relation to surface facilities, and are attached as Annex 1. These views were
incorporated into the final report.

Since that time the DMBs have decided to seek further information and clarity from
DECC. I commend and support this decision, particularly with regard to the
following issues:

* The suitability of the geology. This remains of paramount concern to me
and residents of the National Park due to a lack of definitive information. The
complexity of the underlying geology, the conclusions from the NIREX inquiry, the
permeability of different rock systems and hydrology all create a context of great
uncertainty and anxiety; and

* The right of withdrawal. Rightly or wrongly there is scepticism from
communities and an absence of trust. Therefore I support the DMBs request that this
be strengthened, making it legally binding.

I also believe that this process will take a substantial amount of time, and so
support the DMBs’ request that alternative radioactive waste management solutions be
considered in parallel with the MRWS programme. And I ask that current storage
issues are urgently addressed.

Below ground repository

So far the Authority has not taken a definitive position on a below ground
repository because we do not know the facts and risks in detail and we accept that a
full understanding might only emerge many years in the future.

However there are growing and increasingly widespread concerns that a repository
below the National Park or indeed a perception of such a proposal would not be in
the long term interests of the Lake District, its farming and resident communities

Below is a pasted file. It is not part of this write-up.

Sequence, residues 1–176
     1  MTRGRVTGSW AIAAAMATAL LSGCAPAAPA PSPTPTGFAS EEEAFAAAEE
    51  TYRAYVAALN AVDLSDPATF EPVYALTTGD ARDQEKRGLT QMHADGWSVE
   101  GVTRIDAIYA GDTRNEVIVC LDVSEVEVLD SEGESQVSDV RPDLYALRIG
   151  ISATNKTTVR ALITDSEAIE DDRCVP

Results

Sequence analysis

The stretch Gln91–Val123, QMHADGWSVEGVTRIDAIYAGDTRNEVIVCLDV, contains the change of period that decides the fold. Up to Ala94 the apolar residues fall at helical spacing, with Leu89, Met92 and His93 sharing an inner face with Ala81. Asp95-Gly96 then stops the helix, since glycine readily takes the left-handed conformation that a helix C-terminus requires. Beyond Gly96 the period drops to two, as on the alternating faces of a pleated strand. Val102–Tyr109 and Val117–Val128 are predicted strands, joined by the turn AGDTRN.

and visitor economy. Evidence suggests a potential risk to the Lake District’s brand
image, and on communities that rely on this brand. The lengthy process, necessary
for considering such a facility, could exacerbate this risk. While we do not know
what precise impacts a repository under the National Park would have on its special
qualities, I am concerned such a proposal could adversely affect the Lake District’s
brand image, its national and international standing, reputation and integrity,
prejudicing the delivery of the Vision to the detriment of the Cumbrian tourism
economy and our statutory responsibilities.

– 3 –

Although we remain wholly committed to working with the DMBs and other partners to
improve our collective understanding of the facts, I believe that it is important
that partners and other interested organisations understand these concerns and our
starting position if any decision is taken to proceed to Stage 4. I support the
on-going brand management work and stress its importance. I also reiterate our
support for nuclear new build at Sellafield whilst re-emphasising that attention
must be given to the rapid improvement of the current storage facilities.

Yours sincerely




Cc: Eddie Martin -Leader, Cumbria County Council

Elaine Woodburn – Leader, Copeland Borough Council

Alan Smith – Leader, Allerdale Borough Council

Mark Higson – CEO of the Office for Nuclear Development

[1] The Decision Making Bodies (DMBs) are Cumbria County Council, Allerdale Borough
Council and Copeland Borough Council
Allerdale Borough Council
Allerdale House, Workington, Cumbria, CA14 3YJ

One thought on “Nuclear Dump Shepherds? Lake District National Park

  1. Pingback: No Nuclear Forests! Out of Your Tree Week « Radiation Free Lakeland